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Peacock Three Years Ahead of Schedule on Signups, Masks Terrible Year for NBCU

The Office on Peacock
(Image credit: Peaock)

Despite huge disruptions to its original programming plans, which included the scuttling of numerous original shows and the Tokyo Summer Olympics because of the pandemic, Peacock is officially off to a hot start.

NBCUniversal CEO Jeff Shell

(Image credit: NBCU)

Comcast said during its Q4/full 2020 earnings call Thursday morning that the AVOD/SVOD hybrid streaming service has amassed 33 million signups, up from a declaration of 26 million made in early December. Comcast and the media division that houses Peacock, NBCUniversal,  had projected that the streaming service would get to 30 million to 35 million users in around 2024.

The happy Peacock news was in direct contrast to the downer year for the broader NBCU portfolio, which saw an 18% revenue decline in Q4 to $7.5 billion. Fourth-quarter sales across cable (-6.4%), broadcast (-12%), filmed entertainment (-8.3%) and theme parks (-62.9%) were all down, as they were for most of the full pandemic year of 2020. 

“We’ve had 10 wonderful years of growth at NBCUniversal, but last year was the exception to that,” said Comcast CEO Brian Roberts, trying to assure media investment analysts that the media unit will return to growth once the pandemic eases. 

Perhaps it wasn’t surprising that Comcast said that starting in the second quarter, it will combine NBCU reporting for Peacock with NBCU’s broadcast and cable TV sectors. 

“We view our television biz as whole. While our recent restructuring took a lot of cost out of business … the real purpose of it was to allow us to grow in the future,” said NBCU CEO Jeff Shell said. “We’re now looking at subscription and advertising as one business. We’re selling it to advertisers as one platform. We’re programming it as one platform. It’s harder and harder over time to distinguish profitability because we’re  running it as one business.”

As the pandemic has forced NBCU to refocus its Peacock programming strategy on classic reruns like The Office and canned sports—or quasi-sports—like the WWE, Shell said the conglomerate is finding that programming the streaming service has similarities to classic broadcast network methodology.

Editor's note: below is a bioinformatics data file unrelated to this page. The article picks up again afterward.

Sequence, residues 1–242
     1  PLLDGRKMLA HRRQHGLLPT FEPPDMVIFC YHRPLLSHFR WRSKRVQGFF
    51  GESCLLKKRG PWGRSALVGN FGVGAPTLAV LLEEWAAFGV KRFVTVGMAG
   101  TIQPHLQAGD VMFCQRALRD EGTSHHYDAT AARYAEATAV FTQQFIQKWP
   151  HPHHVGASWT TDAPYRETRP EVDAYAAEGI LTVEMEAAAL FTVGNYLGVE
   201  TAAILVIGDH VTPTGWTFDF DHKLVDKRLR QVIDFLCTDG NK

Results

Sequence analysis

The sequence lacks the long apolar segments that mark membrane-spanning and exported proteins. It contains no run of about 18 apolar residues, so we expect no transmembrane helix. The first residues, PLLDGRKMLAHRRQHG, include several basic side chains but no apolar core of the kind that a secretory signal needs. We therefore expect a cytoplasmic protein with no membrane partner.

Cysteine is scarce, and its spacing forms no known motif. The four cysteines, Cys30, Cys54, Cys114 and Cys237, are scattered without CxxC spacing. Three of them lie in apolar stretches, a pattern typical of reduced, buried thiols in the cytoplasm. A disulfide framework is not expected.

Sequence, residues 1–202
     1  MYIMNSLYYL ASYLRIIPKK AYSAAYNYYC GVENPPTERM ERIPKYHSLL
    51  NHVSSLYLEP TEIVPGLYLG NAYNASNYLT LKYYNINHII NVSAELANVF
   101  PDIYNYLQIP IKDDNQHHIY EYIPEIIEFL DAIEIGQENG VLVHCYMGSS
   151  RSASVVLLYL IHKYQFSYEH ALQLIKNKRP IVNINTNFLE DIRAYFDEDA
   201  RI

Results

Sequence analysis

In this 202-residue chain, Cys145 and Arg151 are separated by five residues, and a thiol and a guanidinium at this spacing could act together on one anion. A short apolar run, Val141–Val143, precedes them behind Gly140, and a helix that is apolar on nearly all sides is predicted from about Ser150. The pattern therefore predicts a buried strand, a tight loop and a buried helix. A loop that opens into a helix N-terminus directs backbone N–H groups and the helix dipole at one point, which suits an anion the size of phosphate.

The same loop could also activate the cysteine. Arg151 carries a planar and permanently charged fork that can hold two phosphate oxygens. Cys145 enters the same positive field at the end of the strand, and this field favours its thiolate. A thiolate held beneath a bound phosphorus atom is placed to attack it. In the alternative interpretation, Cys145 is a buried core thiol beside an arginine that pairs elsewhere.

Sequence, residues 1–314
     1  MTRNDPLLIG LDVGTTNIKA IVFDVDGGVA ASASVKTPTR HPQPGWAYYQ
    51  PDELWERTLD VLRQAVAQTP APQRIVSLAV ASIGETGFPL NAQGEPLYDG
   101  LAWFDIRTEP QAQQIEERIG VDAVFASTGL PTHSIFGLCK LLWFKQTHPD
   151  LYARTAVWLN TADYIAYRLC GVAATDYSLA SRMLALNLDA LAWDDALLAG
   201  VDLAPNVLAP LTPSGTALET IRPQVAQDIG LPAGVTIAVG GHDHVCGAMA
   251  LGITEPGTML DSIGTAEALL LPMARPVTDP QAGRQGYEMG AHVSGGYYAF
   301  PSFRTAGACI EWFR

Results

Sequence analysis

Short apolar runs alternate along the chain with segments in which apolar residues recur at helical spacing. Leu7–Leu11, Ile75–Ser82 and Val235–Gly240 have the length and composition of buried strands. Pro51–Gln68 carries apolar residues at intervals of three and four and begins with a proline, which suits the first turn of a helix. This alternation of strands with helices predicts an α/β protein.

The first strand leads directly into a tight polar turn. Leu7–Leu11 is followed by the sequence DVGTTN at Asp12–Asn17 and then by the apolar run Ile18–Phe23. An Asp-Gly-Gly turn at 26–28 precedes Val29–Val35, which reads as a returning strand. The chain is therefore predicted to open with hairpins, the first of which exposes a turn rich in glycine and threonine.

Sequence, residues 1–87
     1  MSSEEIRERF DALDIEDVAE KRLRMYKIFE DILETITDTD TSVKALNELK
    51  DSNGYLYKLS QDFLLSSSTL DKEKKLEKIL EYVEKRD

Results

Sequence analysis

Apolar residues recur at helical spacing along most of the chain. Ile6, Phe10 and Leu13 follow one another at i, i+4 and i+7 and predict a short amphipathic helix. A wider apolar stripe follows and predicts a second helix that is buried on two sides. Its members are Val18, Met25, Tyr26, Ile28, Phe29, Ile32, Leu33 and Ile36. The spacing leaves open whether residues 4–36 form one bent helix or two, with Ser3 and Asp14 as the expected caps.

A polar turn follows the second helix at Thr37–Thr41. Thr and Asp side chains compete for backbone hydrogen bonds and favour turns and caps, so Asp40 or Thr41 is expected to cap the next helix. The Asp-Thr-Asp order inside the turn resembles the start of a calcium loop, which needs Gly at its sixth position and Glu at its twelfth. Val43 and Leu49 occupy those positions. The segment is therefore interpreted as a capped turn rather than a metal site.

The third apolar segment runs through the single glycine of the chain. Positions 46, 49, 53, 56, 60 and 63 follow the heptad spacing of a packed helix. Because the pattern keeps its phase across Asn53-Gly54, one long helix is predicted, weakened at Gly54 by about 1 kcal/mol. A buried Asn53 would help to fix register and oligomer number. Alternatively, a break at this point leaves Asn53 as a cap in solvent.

Usage of The Office, he said, is probably higher on Peacock than it was on the much larger Netflix, on which the show was a bonafide hit up until it switched platforms on Dec. 31. 

As Peacock users have binged on The Office, Shell explained, they’ve found other comedies on the platform, such as Parks and Rec and Brooklyn Nine-Nine

“We believe there’s kind of an ecosystem here like the world of broadcast,” Shell added. “We can cross-promote things and lead viewers around.”

Shell also described the acquisition of World Wrestling Entertainment rights for Peacock, announced earlier this week, as the “perfect opportunity” for NBCU’s new alignment, noting that the USA Network has been showing WWE programming for years. 

Notably, Shell refers to Peacock as an “AVOD” service. The platform offers a limited iteration free to consumers. Those who pay $4.99 a month get a much broader selection of content, with advertising. Those who pay $9.99 a month don’t have to watch any ads at all. 

Daniel Frankel is the managing editor of Next TV, an internet publishing vertical focused on the business of video streaming. A Los Angeles-based writer and editor who has covered the media and technology industries for more than two decades, Daniel has worked on staff for publications including E! Online, Electronic Media, Mediaweek, Variety, paidContent and GigaOm. You can start living a healthier life with greater wealth and prosperity by following Daniel on Twitter today!